President Donald Trump and Canadian Prime Minister Justin Trudeau glossed over their differing views on Syrian refugees and the security implications of immigration during their joint press conference at the White House this afternoon.
When asked if he was confident about the safety of the U.S.-Canada border, Trump said, "You can never be totally confident."
Trump later said that there are "many, many problems" that he has learned about in more detail since assuming office, adding that North Korea is a "big, big problem" but that "we have problems [in] just about every corner of the globe."
Trudeau would not criticize the decision by the U.S. to stop accepting Syrian refugees.
"The last thing Canadians expect is for me to come down and lecture another country," Trudeau said, adding that instead he will try to "be a positive example in the world."
During his prepared remarks, Trump highlighted some of the ways he thinks the U.S. and Canada will work together.
"Our two nations share much more than a border. We share the same values. We share the love, the truly great love of freedom," Trump said.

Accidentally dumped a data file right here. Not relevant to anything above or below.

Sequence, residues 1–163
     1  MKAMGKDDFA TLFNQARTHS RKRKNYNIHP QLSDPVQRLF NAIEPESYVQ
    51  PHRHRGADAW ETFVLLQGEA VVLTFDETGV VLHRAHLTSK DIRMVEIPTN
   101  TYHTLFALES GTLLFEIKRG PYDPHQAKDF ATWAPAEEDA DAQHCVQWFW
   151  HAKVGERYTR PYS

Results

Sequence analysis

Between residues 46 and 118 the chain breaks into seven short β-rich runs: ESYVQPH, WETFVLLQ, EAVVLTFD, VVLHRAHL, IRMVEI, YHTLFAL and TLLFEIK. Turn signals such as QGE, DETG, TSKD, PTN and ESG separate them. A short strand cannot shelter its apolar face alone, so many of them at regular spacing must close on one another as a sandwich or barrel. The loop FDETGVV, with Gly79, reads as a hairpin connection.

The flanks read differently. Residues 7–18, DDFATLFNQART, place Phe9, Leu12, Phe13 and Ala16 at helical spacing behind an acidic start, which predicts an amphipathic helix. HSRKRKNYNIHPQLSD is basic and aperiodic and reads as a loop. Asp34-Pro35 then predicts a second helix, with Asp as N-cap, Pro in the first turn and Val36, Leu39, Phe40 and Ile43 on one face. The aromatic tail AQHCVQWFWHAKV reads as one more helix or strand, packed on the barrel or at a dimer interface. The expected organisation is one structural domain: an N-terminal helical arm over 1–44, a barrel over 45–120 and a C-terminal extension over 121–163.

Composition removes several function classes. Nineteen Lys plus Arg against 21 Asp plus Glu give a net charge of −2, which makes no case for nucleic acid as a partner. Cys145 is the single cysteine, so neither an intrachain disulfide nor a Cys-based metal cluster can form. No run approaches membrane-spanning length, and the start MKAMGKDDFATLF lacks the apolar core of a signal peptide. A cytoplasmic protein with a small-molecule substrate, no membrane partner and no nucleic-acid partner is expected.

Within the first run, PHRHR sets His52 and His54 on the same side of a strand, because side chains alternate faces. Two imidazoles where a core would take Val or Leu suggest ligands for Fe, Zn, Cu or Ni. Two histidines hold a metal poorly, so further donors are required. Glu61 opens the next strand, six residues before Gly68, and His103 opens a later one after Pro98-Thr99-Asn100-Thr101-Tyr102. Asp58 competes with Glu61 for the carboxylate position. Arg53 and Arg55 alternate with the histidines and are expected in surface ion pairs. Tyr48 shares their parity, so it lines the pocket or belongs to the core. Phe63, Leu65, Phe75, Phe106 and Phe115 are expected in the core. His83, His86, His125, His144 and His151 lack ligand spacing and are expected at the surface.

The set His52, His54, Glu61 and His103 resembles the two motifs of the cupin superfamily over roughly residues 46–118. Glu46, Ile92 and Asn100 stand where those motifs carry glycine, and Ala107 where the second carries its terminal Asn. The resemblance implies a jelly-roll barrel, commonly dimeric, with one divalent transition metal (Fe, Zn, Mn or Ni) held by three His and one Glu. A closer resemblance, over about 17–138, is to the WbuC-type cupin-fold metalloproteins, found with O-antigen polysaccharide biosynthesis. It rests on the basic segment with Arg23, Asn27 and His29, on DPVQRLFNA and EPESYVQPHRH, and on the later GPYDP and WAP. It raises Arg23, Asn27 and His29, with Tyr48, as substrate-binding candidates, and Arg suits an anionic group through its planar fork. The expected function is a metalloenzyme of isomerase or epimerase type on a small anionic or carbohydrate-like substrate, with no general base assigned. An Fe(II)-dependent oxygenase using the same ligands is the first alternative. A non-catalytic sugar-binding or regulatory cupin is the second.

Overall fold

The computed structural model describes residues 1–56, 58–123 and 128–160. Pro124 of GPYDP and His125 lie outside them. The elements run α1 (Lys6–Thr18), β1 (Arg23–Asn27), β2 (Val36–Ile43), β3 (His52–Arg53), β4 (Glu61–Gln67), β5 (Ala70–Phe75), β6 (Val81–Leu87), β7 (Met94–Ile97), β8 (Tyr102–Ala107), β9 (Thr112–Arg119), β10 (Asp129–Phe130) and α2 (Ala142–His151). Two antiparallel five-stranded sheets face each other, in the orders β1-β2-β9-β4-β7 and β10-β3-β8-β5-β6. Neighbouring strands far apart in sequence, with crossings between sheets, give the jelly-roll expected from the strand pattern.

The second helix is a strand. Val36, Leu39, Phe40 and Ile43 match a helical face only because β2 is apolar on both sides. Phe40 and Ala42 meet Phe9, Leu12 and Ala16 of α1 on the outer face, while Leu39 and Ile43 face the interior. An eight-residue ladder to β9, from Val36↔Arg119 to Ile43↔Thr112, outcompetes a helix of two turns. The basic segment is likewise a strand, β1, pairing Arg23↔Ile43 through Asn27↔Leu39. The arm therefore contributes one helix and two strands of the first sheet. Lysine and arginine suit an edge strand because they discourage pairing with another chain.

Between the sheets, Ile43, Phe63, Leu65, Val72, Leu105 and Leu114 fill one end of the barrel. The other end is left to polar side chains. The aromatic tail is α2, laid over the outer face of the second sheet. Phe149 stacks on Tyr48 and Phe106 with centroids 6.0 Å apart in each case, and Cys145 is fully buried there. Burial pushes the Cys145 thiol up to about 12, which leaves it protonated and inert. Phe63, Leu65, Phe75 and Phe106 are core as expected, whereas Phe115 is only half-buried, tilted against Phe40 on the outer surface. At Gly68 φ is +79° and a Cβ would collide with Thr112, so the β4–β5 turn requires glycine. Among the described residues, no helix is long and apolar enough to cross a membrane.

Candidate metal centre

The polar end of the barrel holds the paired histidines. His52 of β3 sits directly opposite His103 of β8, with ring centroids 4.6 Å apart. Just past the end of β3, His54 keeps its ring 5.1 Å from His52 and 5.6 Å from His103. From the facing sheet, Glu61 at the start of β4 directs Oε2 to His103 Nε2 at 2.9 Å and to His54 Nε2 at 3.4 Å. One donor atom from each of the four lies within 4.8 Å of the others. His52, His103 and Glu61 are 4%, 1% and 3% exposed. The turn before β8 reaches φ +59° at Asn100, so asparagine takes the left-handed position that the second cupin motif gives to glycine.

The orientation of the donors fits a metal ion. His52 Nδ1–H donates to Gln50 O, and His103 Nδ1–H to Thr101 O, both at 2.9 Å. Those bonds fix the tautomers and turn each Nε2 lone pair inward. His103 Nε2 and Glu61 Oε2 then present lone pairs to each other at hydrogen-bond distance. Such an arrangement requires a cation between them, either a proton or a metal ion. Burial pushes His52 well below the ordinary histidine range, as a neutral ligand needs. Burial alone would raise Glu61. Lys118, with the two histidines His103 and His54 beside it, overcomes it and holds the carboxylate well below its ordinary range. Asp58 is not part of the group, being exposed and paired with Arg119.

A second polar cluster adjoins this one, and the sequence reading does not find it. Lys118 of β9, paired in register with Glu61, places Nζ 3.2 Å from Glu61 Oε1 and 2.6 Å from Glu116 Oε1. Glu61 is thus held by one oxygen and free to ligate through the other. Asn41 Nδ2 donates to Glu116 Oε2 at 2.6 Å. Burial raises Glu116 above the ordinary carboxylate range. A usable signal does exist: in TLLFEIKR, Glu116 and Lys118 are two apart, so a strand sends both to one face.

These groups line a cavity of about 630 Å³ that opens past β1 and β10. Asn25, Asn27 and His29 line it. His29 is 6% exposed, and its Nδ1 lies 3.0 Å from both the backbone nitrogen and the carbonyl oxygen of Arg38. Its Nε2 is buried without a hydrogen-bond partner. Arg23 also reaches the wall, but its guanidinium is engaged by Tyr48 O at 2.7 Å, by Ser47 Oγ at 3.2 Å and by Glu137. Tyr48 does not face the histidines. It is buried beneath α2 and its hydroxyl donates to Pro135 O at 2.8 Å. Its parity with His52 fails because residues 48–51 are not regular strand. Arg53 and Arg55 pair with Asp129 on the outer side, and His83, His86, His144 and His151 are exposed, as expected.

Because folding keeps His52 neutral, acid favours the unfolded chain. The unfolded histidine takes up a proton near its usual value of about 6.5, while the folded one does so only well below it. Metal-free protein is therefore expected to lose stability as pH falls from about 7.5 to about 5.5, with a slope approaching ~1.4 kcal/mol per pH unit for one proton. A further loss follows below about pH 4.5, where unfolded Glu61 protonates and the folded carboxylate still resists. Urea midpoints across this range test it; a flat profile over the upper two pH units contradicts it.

Trump said that "both of our countries are stronger when we join forces" and that the U.S. is "deeply fortunate to have a neighbor like Canada."
"We should coordinate closely, and we will coordinate closely to protect jobs in our hemisphere and to keep wealth on our continent and to keep everyone safe," he said.
Trudeau said the two countries have a "deep, abiding respect for one another" and "that's a good thing because, as we know, relationships between neighbors are pretty complex."
Trudeau is the third foreign leader to meet with Trump at the White House.
Earlier today, Trump and Trudeau released a joint statement before the news conference, noting that they "recognize the security of our borders as a top priority."
Trudeau says it's not his job to 'lecture' Trump on Syrian refugees